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Diem Brown Blogs: What Hurricane Sandy Taught Me

Diem Brown Blogs: What Hurricane Sandy Taught Me
Diem BrownCourtesy Diem Brown
In her PEOPLE.com blog, Diem Brown, the Real World/Road Rules Challenge contestant recently diagnosed with ovarian cancer, opens up with her usual wit and insight about coping with chemotherapy.

"Sandy, oh Sandy" I can hear John Travolta crooning away in Grease, but now "Sandy" evokes a slightly different memory.

Forget "stranded at the drive-in." For the East Coasters affected by dear old Hurricane Sandy, it's more like stranded at your powerless apartment realizing, "Oh dear lawd, I'm addicted to technology!"

It's funny how dependent we have become on technology. As I write this blog on my cell phone, it's even more apparent. When you have no power, your cell phone is like a life-line on Who Wants to Be a Millionaire. Have a question about what's going on? Easy! Just check Twitter to connect with the rest of the world. But like on the game show, there is a limited number of times you can check – because after a storm like Sandy, cell service becomes spotty and your battery life is just as limited.

Right now I'm at an Upper Manhattan Starbucks, charging my phone. I had made a video for this week about "the funny road to bald-dom," but no "free" Internet wifi has enough bandwidth to upload it. Which got me thinking.

I'm here at this Starbucks with my usual two-hat motif – one hat forwards, one slouchy hat pulled to the back covering every inch of my bald head. Yet, I just made a video of my bald self, documenting my "road to bald-dom" totally exposed. So why do I race for a head scarf as my sister enters my bedroom or frantically tug at my hat as a gust of wind threatens to expose my soft bare bulbous scalp?

I think because while writing a blog or documenting something on your cell phone or flip camera you feel like it's a modern version of a diary entry. You are not face-to-face with someone who can judge your thoughts or emotions. It's just yourself and an electronic device whose only job is to record ... i.e., no electronic equipment has a judgment switch.

Understanding the Trolls – Sort Of

I have realized this "distance" between a person and the content they put out there makes more room for honesty – but also more room for trolls. Yes trolls, as in people who make nasty comments behind a cloth of invisible identity.

From the very beginning of this journey I have vowed to be honest in these blogs and videos. I have loved reading comments and supportive words of kindness, and I've also appreciated words of advice or concern and appreciated people's willingness to disclose their own experience with infertility, cancer, invisible illnesses, etc.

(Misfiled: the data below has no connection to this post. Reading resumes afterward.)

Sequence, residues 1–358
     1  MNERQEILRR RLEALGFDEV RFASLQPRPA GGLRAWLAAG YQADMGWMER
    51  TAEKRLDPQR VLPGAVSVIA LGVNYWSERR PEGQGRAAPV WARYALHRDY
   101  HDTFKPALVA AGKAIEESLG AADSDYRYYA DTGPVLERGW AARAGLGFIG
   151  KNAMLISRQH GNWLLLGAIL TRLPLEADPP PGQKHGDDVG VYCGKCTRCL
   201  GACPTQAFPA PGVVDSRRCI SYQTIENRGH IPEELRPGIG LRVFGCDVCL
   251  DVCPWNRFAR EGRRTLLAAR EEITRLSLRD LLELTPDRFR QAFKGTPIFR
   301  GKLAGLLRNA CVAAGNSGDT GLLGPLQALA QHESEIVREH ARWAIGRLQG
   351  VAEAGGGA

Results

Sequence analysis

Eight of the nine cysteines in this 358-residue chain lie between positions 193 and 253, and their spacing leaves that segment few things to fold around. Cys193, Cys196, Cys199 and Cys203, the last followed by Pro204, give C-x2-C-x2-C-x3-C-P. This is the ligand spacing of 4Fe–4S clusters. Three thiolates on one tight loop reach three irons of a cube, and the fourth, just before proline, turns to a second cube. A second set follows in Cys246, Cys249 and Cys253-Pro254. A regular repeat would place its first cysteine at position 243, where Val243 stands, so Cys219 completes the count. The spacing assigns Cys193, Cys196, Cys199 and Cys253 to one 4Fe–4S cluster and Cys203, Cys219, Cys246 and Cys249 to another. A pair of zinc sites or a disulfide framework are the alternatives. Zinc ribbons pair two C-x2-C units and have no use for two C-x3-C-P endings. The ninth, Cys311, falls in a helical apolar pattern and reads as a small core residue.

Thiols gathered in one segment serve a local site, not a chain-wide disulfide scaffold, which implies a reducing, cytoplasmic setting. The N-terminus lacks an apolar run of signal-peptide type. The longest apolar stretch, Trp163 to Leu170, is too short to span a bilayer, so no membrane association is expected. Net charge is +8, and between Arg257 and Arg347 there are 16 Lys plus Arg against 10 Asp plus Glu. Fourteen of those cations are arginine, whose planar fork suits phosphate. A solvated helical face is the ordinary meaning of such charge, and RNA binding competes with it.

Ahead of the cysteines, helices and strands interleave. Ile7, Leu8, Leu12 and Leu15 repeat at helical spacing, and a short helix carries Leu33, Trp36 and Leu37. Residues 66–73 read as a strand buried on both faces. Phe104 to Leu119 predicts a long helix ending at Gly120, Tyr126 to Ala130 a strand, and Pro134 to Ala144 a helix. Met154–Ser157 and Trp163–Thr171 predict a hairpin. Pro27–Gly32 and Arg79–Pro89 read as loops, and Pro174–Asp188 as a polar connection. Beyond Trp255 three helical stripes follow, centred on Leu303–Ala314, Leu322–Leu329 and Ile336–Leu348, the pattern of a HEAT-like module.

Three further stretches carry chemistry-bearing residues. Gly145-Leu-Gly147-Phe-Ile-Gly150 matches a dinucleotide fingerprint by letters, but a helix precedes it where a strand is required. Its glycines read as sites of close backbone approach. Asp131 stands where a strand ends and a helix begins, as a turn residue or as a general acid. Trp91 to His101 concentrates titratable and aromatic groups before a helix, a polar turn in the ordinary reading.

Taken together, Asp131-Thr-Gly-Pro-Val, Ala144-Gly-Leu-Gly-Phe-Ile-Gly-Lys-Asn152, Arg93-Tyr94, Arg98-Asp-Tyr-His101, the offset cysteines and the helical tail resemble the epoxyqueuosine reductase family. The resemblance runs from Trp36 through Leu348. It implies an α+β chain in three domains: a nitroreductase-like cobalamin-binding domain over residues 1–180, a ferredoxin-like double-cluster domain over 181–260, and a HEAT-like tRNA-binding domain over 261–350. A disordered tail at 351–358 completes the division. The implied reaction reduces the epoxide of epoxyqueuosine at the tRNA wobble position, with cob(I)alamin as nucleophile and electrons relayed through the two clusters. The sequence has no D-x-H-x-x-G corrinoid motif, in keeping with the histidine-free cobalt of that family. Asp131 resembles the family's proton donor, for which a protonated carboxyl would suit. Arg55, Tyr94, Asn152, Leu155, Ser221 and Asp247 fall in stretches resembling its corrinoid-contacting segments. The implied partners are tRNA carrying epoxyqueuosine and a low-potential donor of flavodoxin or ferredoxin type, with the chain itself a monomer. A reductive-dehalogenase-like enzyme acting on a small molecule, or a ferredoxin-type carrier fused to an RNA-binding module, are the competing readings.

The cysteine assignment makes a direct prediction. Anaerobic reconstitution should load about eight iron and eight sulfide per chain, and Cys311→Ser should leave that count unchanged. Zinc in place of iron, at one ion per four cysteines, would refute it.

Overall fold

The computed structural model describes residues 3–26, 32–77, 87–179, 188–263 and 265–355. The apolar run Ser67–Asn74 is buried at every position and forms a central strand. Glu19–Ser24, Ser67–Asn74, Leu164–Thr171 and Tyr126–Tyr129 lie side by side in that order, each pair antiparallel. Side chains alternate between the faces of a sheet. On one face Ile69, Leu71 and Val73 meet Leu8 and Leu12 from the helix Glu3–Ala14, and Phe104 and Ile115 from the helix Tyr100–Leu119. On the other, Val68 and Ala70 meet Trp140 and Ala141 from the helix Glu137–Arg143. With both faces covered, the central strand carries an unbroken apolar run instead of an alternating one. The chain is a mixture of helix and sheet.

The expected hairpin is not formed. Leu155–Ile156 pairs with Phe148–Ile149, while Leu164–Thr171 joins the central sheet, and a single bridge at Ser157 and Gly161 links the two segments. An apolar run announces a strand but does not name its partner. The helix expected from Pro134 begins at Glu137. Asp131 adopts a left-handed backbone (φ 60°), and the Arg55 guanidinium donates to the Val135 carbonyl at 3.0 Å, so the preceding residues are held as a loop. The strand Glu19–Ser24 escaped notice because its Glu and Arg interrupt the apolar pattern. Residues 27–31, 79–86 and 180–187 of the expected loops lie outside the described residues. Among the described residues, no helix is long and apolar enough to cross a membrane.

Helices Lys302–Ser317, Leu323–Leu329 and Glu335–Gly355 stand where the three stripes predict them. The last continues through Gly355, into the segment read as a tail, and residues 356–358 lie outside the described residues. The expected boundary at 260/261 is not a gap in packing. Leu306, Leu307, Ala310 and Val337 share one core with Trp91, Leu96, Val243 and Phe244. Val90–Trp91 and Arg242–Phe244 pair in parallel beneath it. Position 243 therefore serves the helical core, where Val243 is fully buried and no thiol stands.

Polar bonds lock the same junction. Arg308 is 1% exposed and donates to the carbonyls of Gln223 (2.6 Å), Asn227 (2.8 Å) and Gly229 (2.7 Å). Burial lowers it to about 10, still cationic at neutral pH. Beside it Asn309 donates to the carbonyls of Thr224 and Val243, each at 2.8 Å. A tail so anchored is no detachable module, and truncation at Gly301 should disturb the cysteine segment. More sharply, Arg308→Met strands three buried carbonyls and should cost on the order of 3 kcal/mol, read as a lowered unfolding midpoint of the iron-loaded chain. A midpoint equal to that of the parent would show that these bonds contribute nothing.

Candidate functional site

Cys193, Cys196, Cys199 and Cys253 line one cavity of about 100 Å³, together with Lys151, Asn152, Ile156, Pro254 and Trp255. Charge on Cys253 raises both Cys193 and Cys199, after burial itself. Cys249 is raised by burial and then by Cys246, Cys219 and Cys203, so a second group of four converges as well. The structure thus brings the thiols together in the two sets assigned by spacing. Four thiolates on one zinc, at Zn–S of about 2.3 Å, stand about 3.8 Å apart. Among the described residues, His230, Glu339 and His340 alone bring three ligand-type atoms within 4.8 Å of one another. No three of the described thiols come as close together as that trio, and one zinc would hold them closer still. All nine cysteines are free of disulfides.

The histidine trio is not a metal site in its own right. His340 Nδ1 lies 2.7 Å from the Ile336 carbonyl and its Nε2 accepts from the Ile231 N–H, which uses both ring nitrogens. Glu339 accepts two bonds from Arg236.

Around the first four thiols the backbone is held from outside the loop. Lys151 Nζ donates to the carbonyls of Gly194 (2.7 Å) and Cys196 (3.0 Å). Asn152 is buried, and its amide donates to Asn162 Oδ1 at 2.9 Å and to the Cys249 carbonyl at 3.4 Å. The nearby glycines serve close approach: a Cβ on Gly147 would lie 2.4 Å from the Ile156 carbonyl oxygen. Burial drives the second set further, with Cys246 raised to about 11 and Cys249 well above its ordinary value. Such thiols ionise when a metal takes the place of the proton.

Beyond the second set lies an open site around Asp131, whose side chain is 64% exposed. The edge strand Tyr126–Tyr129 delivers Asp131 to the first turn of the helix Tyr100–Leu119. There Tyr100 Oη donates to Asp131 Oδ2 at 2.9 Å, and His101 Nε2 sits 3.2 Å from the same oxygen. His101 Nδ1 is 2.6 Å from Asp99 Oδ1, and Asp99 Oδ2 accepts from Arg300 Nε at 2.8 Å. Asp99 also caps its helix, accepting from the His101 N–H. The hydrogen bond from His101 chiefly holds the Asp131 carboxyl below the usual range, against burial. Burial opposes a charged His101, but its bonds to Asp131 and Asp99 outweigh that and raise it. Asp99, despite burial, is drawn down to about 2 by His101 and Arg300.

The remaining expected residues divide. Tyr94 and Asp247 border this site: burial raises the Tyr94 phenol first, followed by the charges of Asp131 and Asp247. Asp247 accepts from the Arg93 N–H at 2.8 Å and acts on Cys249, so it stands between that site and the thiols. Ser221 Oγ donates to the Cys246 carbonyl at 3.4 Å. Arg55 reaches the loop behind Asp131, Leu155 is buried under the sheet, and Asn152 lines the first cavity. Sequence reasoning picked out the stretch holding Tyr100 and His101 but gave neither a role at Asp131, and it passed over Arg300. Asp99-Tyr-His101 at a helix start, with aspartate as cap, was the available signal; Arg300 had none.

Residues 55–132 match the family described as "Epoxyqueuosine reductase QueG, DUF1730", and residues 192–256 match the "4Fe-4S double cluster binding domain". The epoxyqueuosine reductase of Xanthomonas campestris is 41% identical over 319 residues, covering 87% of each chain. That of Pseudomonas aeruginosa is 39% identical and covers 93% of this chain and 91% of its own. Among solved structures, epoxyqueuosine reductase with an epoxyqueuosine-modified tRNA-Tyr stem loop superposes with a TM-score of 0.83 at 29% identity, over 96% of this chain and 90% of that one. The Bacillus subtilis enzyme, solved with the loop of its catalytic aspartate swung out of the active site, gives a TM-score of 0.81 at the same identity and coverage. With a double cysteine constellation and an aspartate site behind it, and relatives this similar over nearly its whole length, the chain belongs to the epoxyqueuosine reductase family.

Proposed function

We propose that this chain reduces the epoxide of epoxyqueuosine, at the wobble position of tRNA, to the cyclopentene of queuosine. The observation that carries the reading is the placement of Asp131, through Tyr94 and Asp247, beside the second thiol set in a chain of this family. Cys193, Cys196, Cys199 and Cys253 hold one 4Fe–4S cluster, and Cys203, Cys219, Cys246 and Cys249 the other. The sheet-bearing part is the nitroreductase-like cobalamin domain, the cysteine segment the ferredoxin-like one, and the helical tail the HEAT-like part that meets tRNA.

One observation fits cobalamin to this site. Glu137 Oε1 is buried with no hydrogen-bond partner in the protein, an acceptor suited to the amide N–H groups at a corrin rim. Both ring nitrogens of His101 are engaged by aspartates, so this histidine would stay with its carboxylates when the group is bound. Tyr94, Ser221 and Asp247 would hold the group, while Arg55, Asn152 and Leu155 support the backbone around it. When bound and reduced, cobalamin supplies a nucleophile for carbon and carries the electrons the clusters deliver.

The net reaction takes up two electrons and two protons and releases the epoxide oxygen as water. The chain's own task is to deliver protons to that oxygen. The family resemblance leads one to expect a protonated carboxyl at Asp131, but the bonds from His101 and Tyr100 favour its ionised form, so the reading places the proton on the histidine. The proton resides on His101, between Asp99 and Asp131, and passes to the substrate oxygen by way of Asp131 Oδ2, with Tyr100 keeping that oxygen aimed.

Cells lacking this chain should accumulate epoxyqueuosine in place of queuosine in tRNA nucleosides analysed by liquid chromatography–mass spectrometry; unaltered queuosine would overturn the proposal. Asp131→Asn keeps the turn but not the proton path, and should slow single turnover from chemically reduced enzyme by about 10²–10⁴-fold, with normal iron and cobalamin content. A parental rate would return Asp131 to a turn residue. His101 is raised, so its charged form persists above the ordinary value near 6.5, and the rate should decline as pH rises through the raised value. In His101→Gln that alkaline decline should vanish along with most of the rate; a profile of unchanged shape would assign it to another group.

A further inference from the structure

However, the few trolls who used their invisible identity cloaks to inflict pain through nasty ill-willed comments ... I never understood until now.

I feel I am stronger dealing with my cancer/chemo side effects this time around. I can look in the mirror and become fascinated with the medical side effects the drugs have had. Yet, I am still not comfortable going outside without a head wrap. I am not even comfortable having my loved ones see me so ... raw ... so ... vulnerable.

Yes vulnerable. I have faith I will get more comfortable in my skin as time passes, but isn't ironic that my loved ones have only seen me with out head wraps on the Internet? I have more guts behind a self-made video online than I have in person. So I guess the trolls that have left me death wishes in the comment section here on this PEOPLE blog also have more "guts" from behind their computer screens.

Shocking Death Comments

When I first read comments talking about my impending death I was shocked, hurt and amazed. Why would someone wish death upon someone they don't even know?

I received death comments ranging from people saying I won't survive this round of treatment, people saying I deserve to have cancer again because I didn't remove both ovaries the first time, and even people saying that I don't deserve to live because I delayed cancer treatment in order to freeze eggs. These comments created a pain that burned deep inside, a pain that I've never felt before.

I would learn to dismiss these trolls as people who are not happy with something in their own lives, who are just looking for a way to retaliate. Although it's not easy, I can handle ill-willed comments, and being a person of faith I believe "God gives you what you can handle," so I realize these few troll commenters lashed out at me so maybe they would not torment another person who couldn't handle it at a particular moment. I, after all, have had the good fortune of soooo many beautiful people wishing me well 100 times over, which well out-numbers the few nasty troll commenters.

This might be a weird blog, but as I realized how dependent we are on technology from a power outage in Lower Manhattan. I think there is a gift in technology to be braver than we could ever be face-to-face. But there is a responsibility to also realize that being brave doesn't mean being cruel. Expressing your feelings, views and opinions is one thing, but inflicting pain by being a cruel cyber bully shows a severe crack in character in my humble opinion.

I hope to become as brave as I am behind a computer screen. I think technology has given us so many ways to express ourselves and so many ways to have our voices heard. The question is ... What do you want your voice to sound like? :)

Check back for updates every Thursday: Diem will be chronicling her journey through fertility treatments, chemotherapy and her quest to educate others about ovarian health exclusively for PEOPLE.com. You can also follow her on Twitter @DiemBrown.





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